Bank stocks continued their rally heading into Thanksgiving despite some negative economic data and a bearish report from a leading bank analyst.
The KBW Bank Index rose 3.92% Wednesday and was up 25.7% for the week. The Dow Jones industrial index gained 2.91% on the day (up 8.5% for the week), and the Standard & Poor's 500 index rose 3.53% (up 11%).
Tim Curran, a bank stocks trader at Regions Financial Corp.'s Morgan Keegan & Co. Inc., said that few catalysts supported the sector's rise; he attributed its gains to investors' looking to get into bank stocks while prices remained relatively low. "Things have been on a nice uptick, and a lot of people didn't want to miss the huge upside," he said.
"People who don't typically participate in the sector were just going along" with the rebound, which could continue for a few more trading sessions, Mr. Curran said in an interview.
He quickly cautioned, however, "Nothing has fundamentally changed in the last three days, and we're hardly out of the woods yet."
The latter sentiment was reinforced by Meredith Whitney of Oppenheimer & Co., who warned in a note to clients that many banking companies would have to use capital from the Treasury Department's Capital Purchase Program to offset what she estimated as $44 billion of writedowns and loan-loss provisions in the fourth quarter. As a result, she wrote, it is unlikely that banks will use the funds to spur meaningful economic growth.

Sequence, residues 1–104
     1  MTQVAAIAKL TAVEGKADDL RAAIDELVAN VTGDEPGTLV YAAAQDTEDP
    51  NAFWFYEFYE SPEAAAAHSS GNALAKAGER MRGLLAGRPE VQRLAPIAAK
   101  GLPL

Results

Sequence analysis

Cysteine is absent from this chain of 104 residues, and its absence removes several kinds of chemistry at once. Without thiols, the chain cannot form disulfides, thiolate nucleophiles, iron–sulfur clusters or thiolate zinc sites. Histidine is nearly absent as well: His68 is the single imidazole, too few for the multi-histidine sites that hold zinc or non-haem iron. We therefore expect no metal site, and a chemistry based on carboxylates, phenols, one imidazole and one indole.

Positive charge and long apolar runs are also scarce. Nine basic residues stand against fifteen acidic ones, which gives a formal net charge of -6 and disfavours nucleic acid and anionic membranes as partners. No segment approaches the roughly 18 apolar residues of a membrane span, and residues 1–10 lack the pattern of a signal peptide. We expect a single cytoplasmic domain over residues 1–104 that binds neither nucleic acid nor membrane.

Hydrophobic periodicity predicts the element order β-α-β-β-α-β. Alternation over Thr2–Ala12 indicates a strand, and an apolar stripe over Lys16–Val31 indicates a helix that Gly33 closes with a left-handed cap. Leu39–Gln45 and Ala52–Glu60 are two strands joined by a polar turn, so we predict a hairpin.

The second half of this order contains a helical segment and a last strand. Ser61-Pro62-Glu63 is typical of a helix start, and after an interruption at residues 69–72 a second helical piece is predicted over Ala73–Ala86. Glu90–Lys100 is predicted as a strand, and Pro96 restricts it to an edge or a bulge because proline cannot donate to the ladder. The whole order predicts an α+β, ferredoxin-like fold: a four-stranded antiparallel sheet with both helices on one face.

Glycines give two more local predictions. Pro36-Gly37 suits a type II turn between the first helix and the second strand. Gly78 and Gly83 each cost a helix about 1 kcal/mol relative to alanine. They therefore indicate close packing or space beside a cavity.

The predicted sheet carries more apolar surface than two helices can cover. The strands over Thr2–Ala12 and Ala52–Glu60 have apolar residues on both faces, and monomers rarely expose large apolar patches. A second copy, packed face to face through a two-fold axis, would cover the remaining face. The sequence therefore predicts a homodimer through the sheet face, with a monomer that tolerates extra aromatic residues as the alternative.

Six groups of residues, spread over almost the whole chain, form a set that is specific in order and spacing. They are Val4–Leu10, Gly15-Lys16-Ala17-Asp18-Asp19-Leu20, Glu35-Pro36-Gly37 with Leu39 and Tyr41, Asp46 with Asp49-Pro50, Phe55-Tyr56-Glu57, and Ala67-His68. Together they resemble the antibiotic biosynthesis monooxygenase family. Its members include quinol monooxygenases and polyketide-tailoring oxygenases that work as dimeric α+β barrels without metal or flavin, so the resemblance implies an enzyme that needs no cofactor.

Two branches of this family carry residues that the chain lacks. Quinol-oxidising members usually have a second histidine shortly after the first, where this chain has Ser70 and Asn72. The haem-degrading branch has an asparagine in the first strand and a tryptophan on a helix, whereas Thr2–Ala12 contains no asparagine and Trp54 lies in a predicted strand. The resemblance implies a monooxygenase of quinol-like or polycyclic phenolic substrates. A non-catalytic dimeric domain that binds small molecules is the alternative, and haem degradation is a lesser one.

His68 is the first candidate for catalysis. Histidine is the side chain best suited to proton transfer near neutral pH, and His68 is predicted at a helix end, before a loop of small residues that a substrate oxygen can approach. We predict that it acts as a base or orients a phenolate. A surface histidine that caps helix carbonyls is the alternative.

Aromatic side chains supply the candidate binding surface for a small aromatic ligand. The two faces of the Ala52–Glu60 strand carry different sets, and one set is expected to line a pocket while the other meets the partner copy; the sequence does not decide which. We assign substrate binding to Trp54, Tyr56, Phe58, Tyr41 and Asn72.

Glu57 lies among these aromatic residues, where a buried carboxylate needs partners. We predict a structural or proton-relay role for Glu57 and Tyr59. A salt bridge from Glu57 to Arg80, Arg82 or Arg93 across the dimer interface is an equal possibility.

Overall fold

The government issued more data giving evidence that the U.S. economy is in recession. The Labor Department reported that seasonally adjusted requests for unemployment benefits, though down 2.6% from a week earlier, remained high at 529,000.
The Commerce Department reported that consumer spending fell 1% in October, compared to September, and that orders for durable goods fell 6.2% compared to the month earlier. The agency also said that new-home sales fell 5.3% in October compared to a month earlier.
The Federal Deposit Insurance Corp. said that it plans to create a "modified bidder qualification process" that would give nonbanks an opportunity to bid on banks that are in danger of collapsing.
Citigroup Inc. shares were among the day's biggest gainers, up 16% after Reuters reported that Grupo Financiero Inbursa, an investment firm controlled by Carlos Slim, a Mexican billionaire, had bought 26 million shares of the New York company's stock for $150 million between Nov. 19 and 25.
Bank of America Corp. shares rose 4.3%. The Charlotte company got Federal Reserve Board approval to buy the New York investment house Merrill Lynch & Co. The companies expect to complete their deal this quarter.
Merrill's shares rose 7.5%.
Other large banking companies had healthy gains, including JPMorgan Chase & Co., up 2.9%; Wells Fargo & Co., 6.3%; and U.S. Bancorp, 4.9%.
Wintrust Financial Corp.'s shares fell 1.7%. The Lake Forest, Ill., company said that it had received preliminary approval to sell $250 million of preferred stock to the Treasury under the Capital Purchase Program. It said the capital could be used "to grow lending operations and to position Wintrust for additional market opportunities."